Social work vacancies as high as 39%
Social work departments are desperately short of qualified staff – including one authority with a 39% vacancy rate – the UK’s largest public sector union warned today.
The scale of the problem and the consequent difficulty helping vulnerable adults and children have been revealed by a series of Freedom of Information requests submitted by Unison.
The figures show that the national average for social work vacancy rates are running at around 12%. For some councils, staffing difficultes are even more acute. Sandwell, in the West Midlands, has 39% of posts unfilled; Waltham Forest, in London, 34.9%; Hounslow in west London 31% and Essex 28.1%.
“Councils have consistently claimed that social work vacancies are falling,” Unison said, “but the statistics show that the true picture is much bleaker.”
The union is demanding urgent action to attract fresh staff into social work and to prevent the exodus of workers leaving the profession. The controversy over the death of Baby P has added to the casework load and pressure on the profession.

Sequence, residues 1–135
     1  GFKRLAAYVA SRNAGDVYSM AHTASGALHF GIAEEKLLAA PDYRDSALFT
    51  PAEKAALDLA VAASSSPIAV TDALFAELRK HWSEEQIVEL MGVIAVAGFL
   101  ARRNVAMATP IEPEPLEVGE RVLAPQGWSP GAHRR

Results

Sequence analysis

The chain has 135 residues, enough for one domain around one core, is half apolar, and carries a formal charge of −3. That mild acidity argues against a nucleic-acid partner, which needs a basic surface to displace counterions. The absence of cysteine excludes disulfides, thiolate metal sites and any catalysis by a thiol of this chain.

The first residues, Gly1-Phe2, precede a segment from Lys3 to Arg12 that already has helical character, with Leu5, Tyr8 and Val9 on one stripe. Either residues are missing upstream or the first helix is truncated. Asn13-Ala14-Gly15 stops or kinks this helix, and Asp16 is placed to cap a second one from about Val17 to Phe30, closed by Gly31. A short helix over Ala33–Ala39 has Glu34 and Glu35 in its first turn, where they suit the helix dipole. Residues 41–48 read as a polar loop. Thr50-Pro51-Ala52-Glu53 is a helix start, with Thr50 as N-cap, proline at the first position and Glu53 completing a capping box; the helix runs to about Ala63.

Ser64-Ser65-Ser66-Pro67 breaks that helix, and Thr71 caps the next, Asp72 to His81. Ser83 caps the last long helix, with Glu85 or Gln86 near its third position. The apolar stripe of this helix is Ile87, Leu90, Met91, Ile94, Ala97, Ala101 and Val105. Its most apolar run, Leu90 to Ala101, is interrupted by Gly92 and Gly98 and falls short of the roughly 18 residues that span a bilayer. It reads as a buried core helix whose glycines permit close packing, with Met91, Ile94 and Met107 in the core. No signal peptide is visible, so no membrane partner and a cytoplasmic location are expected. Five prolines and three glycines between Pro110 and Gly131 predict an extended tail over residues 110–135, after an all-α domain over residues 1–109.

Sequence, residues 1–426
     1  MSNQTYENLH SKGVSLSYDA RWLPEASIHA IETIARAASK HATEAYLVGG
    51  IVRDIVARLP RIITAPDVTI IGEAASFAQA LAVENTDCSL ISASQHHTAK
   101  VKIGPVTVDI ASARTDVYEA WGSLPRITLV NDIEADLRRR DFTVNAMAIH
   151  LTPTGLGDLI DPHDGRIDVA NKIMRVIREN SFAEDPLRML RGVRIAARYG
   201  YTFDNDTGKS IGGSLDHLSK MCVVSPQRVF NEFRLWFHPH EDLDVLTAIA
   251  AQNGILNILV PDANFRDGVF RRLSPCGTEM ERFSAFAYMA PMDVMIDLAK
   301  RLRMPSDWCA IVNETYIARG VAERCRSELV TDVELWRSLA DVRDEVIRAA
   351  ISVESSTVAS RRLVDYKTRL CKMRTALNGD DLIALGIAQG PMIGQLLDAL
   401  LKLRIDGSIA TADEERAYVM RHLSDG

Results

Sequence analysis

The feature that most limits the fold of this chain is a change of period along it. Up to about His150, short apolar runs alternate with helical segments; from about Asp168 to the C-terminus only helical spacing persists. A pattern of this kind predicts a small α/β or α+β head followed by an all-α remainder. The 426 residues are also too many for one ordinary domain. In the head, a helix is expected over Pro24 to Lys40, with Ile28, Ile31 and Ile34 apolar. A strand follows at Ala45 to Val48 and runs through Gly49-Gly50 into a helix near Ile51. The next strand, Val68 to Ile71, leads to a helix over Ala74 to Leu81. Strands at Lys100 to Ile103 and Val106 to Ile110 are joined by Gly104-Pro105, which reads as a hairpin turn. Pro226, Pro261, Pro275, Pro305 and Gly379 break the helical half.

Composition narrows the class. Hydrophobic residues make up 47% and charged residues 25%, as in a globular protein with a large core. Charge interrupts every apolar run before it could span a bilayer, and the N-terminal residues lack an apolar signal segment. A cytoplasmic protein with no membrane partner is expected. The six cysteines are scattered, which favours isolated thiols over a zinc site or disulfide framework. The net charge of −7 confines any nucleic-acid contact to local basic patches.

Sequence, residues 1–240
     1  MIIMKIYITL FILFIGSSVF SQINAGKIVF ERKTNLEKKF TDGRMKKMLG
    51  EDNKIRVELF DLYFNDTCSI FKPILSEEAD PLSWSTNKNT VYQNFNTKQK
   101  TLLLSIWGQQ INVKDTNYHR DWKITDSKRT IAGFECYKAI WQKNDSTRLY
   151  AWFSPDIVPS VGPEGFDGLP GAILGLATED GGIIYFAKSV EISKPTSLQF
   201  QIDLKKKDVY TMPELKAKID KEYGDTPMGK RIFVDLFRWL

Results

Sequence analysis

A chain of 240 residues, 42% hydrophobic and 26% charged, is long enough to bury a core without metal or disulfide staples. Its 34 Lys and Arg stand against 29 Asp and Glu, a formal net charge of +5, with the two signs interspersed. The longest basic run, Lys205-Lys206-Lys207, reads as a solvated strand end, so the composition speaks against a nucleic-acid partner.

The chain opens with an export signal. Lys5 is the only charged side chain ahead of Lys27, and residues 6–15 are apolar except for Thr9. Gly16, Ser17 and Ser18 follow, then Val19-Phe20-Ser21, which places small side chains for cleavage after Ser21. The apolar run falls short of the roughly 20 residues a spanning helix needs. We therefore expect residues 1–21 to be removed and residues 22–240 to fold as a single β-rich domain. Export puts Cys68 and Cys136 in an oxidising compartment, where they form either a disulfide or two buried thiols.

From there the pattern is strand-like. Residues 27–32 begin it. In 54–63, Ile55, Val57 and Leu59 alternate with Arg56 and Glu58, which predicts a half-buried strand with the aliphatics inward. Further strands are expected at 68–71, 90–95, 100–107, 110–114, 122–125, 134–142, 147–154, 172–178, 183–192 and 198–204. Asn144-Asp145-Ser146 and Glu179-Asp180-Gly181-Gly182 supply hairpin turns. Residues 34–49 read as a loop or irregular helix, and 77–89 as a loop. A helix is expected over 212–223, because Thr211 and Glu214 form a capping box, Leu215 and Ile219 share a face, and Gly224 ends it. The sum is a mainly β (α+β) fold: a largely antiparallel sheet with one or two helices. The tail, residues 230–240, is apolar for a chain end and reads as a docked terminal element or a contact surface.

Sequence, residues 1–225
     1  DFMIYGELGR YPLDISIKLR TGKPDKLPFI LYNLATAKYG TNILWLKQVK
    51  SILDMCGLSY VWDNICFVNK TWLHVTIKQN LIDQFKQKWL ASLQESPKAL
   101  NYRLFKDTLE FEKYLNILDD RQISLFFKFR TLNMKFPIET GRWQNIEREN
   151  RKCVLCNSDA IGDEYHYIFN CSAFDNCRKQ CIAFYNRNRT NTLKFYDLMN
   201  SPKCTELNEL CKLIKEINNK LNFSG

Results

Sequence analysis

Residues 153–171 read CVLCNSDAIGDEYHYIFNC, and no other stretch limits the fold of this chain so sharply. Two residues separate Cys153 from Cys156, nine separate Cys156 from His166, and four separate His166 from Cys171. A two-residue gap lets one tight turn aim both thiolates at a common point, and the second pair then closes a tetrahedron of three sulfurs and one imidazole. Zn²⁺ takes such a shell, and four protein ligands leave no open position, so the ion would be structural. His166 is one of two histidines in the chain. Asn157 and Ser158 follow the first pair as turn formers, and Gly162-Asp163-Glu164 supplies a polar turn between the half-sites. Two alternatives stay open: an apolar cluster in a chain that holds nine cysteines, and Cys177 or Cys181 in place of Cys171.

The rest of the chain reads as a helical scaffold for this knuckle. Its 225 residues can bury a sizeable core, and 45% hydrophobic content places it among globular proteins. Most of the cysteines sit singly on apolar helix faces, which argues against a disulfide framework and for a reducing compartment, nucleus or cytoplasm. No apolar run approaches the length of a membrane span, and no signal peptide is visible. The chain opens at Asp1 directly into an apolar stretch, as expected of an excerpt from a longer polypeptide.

Most councils employ agency staff in an effort to plug professional gaps but that flexibility makes it difficult to ensure continuity of care for clients and inhibits the process of building trust in relationships.
Dave Prentis, general secretary of Unison, said: “Social workers are battling against the odds to protect our young children and vulnerable adults. How can they deliver a safe and effective service when vacancy rates are hitting in excess of 20% in so many parts of the country?
“Councils should not bury their heads in the sand and try and cover up the problem. This situation is no good for social workers and it’s no good for their clients who desperately need help.
“We are in the middle of a serious recruitment and retention crisis. Social workers are under pressure from all sides. We need action now to attract more people into the job and stem the flow of workers leaving.”
Unison is calling for better pay and working conditions and improved support for staff. It would like to revive “qualify-on-the-job” schemes that fund social work assistants, care managers and others to obtain their social work qualifications while in employment.